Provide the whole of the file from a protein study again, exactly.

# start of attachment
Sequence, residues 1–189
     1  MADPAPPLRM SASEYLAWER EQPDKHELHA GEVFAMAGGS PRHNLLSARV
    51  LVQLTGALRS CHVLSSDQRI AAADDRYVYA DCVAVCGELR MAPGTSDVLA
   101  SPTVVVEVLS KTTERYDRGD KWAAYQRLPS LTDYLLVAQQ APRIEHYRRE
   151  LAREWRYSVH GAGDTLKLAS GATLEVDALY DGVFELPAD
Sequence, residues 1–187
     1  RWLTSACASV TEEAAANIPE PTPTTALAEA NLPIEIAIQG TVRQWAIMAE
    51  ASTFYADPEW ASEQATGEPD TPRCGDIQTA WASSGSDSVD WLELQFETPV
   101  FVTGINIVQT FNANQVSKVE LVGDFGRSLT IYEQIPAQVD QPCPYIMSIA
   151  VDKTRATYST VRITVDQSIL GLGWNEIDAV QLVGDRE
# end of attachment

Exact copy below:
Sequence, residues 1–189
     1  MADPAPPLRM SASEYLAWER EQPDKHELHA GEVFAMAGGS PRHNLLSARV
    51  LVQLTGALRS CHVLSSDQRI AAADDRYVYA DCVAVCGELR MAPGTSDVLA
   101  SPTVVVEVLS KTTERYDRGD KWAAYQRLPS LTDYLLVAQQ APRIEHYRRE
   151  LAREWRYSVH GAGDTLKLAS GATLEVDALY DGVFELPAD
Sequence, residues 1–187
     1  RWLTSACASV TEEAAANIPE PTPTTALAEA NLPIEIAIQG TVRQWAIMAE
    51  ASTFYADPEW ASEQATGEPD TPRCGDIQTA WASSGSDSVD WLELQFETPV
   101  FVTGINIVQT FNANQVSKVE LVGDFGRSLT IYEQIPAQVD QPCPYIMSIA
   151  VDKTRATYST VRITVDQSIL GLGWNEIDAV QLVGDRE